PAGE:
They jaunt all over this not-at-all British Empire (which pays little heed to the true costs of empire and colonialism) and meet sorcerers and hedge witches and lustful heiresses and, generally, spill a whole lot of blood.
It’s an adventure. It’s a romp. It’s two-fisted, leather-pantsed, drunken alley fighting fun.
There’s a lot to recommend this book. It’s got originality, it’s got some very nice structural planning (the alternating viewpoints work very well, and the character tics turn out to be actually quite meaningful), and the dialog isn’t weighed down by hyper-witty banter. People who like airships and hard-punching women will dig the story.
The pacing was nice, and never felt draggy either.
The writing is solid, if a bit too in love with certain turns of phrase (the euphemism “sanguine fluid” for blood appeared a few times, and bothers me still), and generally well-edited. There are more typos than you might find in a pro publication, but far less than in most self-pubs, so it’s on the good side. I was pleasantly surprised by the overall quality of the prose, honestly. It’s better than, say, Sanderson in many respects.
There are a few plot tunnels but they’re really not that important overall. It’s the kind of book that you should go into for a fun read, rather than looking for a deep reflection on human nature or what have you.
I liked it. I’d like to read the sequel, honestly, since the end kind of went for a semi-cliffhanger and I like these characters.
Thank you, A. C. Cobble, for the copy, and the fun read!
The follow up to The Witchwood Crown, which itself was the followup to the incredible Memory, Sorrow and Thorn trilogy of 30 or so years ago, had enormous shoes to fill. The original series was a landmark in fantasy, and when Tad Williams opened the door to Osten Ard once more in 2017, expectations were understandably high.
The Witchwood Crown met those expectations and more, bringing readers a glimpse at that familiar realm after decades away. Characters we know and love return, while some are lost forever, and new faces were introduced: Prince Morgan, grandson of King Simon and King Miriamelle, his troll friend Sennec, the half-blood Norn Nerez, and many more. The Witchwood Crown placed our characters in deep peril, with a gut-punch of an ending, and with the Empire of Grass we finally get to take up the cause again after an agonizing wait.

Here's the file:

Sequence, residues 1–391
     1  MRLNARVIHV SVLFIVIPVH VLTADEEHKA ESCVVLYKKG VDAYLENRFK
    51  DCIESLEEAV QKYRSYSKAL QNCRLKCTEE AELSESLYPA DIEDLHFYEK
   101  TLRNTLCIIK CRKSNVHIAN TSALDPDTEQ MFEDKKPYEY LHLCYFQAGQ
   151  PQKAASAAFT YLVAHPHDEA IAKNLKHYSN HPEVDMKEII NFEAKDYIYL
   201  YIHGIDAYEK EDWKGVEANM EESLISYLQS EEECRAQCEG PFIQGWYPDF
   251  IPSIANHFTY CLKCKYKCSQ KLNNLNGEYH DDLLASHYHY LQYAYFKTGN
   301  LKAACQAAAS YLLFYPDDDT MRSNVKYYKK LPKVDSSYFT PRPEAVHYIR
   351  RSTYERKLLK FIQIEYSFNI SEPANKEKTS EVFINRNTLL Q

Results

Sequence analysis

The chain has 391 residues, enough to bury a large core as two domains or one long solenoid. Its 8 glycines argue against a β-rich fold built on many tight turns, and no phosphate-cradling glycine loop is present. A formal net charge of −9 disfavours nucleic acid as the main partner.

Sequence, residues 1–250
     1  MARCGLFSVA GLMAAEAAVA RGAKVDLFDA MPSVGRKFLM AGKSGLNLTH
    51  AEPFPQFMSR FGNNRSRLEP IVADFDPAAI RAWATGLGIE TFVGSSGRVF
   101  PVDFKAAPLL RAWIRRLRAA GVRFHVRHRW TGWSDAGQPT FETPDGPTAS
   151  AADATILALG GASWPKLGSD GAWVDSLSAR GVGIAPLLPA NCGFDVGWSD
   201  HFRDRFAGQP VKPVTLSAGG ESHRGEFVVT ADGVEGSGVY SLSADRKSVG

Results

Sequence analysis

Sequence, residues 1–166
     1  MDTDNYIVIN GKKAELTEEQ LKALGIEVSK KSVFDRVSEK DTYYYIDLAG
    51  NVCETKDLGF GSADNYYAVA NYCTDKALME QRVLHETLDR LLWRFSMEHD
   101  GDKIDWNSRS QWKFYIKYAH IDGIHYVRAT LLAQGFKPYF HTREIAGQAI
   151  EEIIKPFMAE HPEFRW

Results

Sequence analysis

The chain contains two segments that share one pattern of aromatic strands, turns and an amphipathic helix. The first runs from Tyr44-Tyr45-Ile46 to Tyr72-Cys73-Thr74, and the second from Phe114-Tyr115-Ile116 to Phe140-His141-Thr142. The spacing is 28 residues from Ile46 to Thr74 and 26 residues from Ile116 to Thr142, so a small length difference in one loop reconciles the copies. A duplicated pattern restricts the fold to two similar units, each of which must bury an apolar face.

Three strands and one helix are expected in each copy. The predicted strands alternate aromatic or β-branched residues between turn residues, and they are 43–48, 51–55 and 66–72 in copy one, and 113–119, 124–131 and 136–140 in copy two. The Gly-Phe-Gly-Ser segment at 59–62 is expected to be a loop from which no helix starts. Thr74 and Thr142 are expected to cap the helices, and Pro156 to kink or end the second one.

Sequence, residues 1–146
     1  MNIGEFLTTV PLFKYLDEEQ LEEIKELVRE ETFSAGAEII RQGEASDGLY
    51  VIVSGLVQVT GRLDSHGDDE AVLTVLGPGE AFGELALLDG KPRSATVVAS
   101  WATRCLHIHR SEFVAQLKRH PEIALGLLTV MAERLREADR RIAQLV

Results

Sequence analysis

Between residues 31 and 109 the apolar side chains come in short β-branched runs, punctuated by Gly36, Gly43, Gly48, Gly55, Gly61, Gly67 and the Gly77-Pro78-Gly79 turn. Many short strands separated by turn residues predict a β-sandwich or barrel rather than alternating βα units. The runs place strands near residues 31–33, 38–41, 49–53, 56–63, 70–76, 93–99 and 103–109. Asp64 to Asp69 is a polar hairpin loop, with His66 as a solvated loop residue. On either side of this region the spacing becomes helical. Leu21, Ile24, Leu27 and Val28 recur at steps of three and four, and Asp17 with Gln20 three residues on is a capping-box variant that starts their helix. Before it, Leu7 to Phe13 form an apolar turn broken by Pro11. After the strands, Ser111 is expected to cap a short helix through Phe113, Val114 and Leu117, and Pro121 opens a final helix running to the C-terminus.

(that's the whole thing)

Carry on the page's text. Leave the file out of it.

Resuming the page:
But oh, it was worth the wait. This book is a middle book – it has very little closure and lots of progression. There is more movement and plot flow than in the first book, since the stage is all set, but even so this is not what I’d called a fast book. It is smooth and steady, but not racing.
That being said, the last 200 pages or so are breathtaking. So much happens, and of such import, that it is once again going to be a very hard wait for the next book, The Pilot’s Children.
I will also say, with the current state of the plot, it would not surprise me in the least of the final book ended up being split in two. There just seems like so much that still needs to happen before anything is resolved… But I suppose we shall see.
Anyway, if you have read Witchwood Crown, you should certainly read this book. If you haven’t read TWC, then by no means start with this one: go back to the beginning!